Papal Audience Moves Outdoors

Papal Audience Moves Outdoors


A promising sign of progress overcoming the coronavirus is this past Wednesday. Pope Francis was able to move his weekly audience outside. Since the onset of the pandemic, the Wednesday audience was Livestreamed from the Vatican Library. Conditions in Rome have improved to the point where people can now assemble in St. Peter’s Square. Let’s hope this progress can continue.


Over the last several weeks Pope Francis has made the topic of his Wednesday afternoon audience catechesis a reflection on various social problems revealed as a result of the pandemic. Francis began the series by addressing concerns about human dignity manifested as a result of the pandemic. That issue has been especially critical in our country as the question of systemic racism has become a serious concern. Francis next addressed the Preferential Option for the Poor, a fundamental principle of our Catholic social teaching. On August 26, Francis spoke on the issue of the interconnectedness of the economy and the environment.


Francis said the pandemic has made it more evident that the world economy is sick. Its unequal growth disregards fundamental human values. While some people have been able to work remotely, many of the poorest cannot and are in danger of contacting the coronavirus. The inability of the children of the poor to receive instruction remotely hinders their equal access to education. A very few of the wealthiest in our world has become even richer as a result of the pandemic. The poorest slip further behind. Francis stated this was an injustice that cries out to heaven.


The Pope said the pandemic reveals our economic system is taking an unsustainable toll on our environment. He pointed out that while the Book of Genesis tells us God gave human beings the ability to dominate our world in God’s name. It was not carte blance to do whatever we want to the environment. Instead, we are to be the stewards of the resources of the world. We are required to share a mutual responsibility for the earth with God. Yes, we need to obtain our subsistence from the earth, but we are required to protect it as well. The world has been given to us by God to keep and sustain.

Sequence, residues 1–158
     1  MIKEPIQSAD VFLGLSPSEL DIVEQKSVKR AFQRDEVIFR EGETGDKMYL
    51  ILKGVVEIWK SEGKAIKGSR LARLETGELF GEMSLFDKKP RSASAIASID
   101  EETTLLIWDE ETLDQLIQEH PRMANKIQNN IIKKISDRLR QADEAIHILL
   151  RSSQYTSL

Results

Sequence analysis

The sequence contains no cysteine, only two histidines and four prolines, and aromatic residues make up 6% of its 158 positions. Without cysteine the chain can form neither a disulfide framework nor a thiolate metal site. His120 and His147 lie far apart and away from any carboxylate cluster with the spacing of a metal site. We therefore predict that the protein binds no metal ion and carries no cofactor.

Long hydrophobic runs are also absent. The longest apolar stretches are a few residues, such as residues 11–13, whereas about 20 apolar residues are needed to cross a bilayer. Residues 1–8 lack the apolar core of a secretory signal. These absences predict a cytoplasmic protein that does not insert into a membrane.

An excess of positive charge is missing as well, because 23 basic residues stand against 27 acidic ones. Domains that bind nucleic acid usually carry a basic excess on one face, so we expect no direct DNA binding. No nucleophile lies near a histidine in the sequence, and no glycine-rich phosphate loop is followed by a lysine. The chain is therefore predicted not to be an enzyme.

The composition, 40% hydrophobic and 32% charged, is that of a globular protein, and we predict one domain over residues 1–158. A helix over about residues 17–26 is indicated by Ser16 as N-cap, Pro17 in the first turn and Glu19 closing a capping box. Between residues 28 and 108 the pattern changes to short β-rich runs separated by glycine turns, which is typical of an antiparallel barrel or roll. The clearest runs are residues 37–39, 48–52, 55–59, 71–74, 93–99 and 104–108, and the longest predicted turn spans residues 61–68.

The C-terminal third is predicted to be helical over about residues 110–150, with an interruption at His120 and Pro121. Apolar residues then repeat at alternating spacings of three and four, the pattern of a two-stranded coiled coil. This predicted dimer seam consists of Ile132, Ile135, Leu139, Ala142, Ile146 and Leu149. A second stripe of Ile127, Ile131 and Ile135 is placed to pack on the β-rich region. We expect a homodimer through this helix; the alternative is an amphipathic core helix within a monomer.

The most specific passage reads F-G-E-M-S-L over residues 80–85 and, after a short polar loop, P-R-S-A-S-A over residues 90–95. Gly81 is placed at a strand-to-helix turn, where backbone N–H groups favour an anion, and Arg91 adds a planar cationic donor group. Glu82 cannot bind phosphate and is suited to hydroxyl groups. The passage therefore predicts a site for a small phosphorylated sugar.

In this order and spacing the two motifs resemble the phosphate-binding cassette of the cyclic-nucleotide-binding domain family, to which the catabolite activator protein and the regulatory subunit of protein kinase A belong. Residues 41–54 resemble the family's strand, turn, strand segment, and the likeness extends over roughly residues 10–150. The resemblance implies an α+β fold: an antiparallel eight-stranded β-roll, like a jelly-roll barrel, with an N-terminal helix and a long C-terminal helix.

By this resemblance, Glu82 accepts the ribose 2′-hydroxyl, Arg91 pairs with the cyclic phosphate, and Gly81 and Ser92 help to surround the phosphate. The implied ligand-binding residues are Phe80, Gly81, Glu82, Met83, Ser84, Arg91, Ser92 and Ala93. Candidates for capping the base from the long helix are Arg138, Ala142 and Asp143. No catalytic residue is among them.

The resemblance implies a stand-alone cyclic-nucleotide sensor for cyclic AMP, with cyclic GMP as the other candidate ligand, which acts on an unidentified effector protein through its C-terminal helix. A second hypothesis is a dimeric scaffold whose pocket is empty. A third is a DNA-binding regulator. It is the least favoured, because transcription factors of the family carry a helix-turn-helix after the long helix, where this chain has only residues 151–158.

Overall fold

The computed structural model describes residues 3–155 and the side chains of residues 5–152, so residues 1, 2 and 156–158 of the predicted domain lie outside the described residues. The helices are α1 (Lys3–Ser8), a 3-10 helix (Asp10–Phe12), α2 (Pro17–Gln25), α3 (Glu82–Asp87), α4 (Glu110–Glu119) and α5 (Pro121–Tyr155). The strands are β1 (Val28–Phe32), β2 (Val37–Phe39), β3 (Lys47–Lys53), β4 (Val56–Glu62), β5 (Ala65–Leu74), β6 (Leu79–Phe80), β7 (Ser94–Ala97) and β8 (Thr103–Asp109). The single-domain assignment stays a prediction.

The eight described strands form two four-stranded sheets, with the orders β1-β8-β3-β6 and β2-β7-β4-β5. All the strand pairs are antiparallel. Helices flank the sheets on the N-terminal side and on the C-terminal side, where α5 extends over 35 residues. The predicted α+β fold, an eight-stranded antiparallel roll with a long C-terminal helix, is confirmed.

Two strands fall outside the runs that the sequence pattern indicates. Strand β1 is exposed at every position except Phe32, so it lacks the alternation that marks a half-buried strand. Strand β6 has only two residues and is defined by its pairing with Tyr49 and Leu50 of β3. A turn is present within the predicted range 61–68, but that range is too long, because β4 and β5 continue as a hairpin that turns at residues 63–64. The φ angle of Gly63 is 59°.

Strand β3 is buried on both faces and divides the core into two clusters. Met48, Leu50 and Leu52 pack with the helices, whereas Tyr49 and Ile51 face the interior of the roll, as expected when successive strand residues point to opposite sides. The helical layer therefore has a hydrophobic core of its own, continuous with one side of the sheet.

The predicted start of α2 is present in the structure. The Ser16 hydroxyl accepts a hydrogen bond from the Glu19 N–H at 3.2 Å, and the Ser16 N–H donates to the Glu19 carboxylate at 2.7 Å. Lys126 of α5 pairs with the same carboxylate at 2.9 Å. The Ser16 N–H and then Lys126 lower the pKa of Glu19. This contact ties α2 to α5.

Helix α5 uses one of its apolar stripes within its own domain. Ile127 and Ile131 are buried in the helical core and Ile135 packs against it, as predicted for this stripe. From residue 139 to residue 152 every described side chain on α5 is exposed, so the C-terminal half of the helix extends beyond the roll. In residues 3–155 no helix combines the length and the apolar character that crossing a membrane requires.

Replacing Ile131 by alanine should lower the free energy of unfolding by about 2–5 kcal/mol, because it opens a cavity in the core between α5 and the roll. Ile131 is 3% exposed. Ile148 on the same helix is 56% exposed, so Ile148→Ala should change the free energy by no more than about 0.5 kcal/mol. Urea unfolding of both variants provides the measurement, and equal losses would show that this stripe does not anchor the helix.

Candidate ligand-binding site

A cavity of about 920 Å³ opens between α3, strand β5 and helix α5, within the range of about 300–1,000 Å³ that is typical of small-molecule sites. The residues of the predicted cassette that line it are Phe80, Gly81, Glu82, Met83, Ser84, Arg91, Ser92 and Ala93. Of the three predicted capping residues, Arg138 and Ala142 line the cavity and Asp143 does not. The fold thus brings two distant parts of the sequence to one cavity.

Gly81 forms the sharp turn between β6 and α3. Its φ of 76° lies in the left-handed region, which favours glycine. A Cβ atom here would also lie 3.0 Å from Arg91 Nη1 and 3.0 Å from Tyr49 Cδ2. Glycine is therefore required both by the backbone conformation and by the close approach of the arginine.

In his catechesis, Francis taught us we need to work to ensure everyone enjoys the fruits of the earth and not just a few. We are administrators of the world’s good and not their masters. Our property, we need to remember, is given to us to be held only as stewards.


Francis is afraid that homo sapiens are becoming homo-oeonomicus, a species he claims to be focused on being individualistic, calculating, and domineering over all the world. The Pope contends that it is not what we were created to be. It is for community life we were created, he said. Francis used as an example of the first Christian community where, according to the Acts of the Apostles, everyone held their goods in common, so no one was in need.


Every crisis changes people, Pope Francis claimed. It makes them better or worse. We face an option, he says. We will emerge from the pandemic worse if we resist a change of attitude about the purpose of our economy. If we allow ourselves the chance to raise our understanding of social justice and care for our environment, the pandemic experience will lead to a better world. Francis encourages us to work and have hope that after the pandemic, we can regenerate a healthier and more equal world.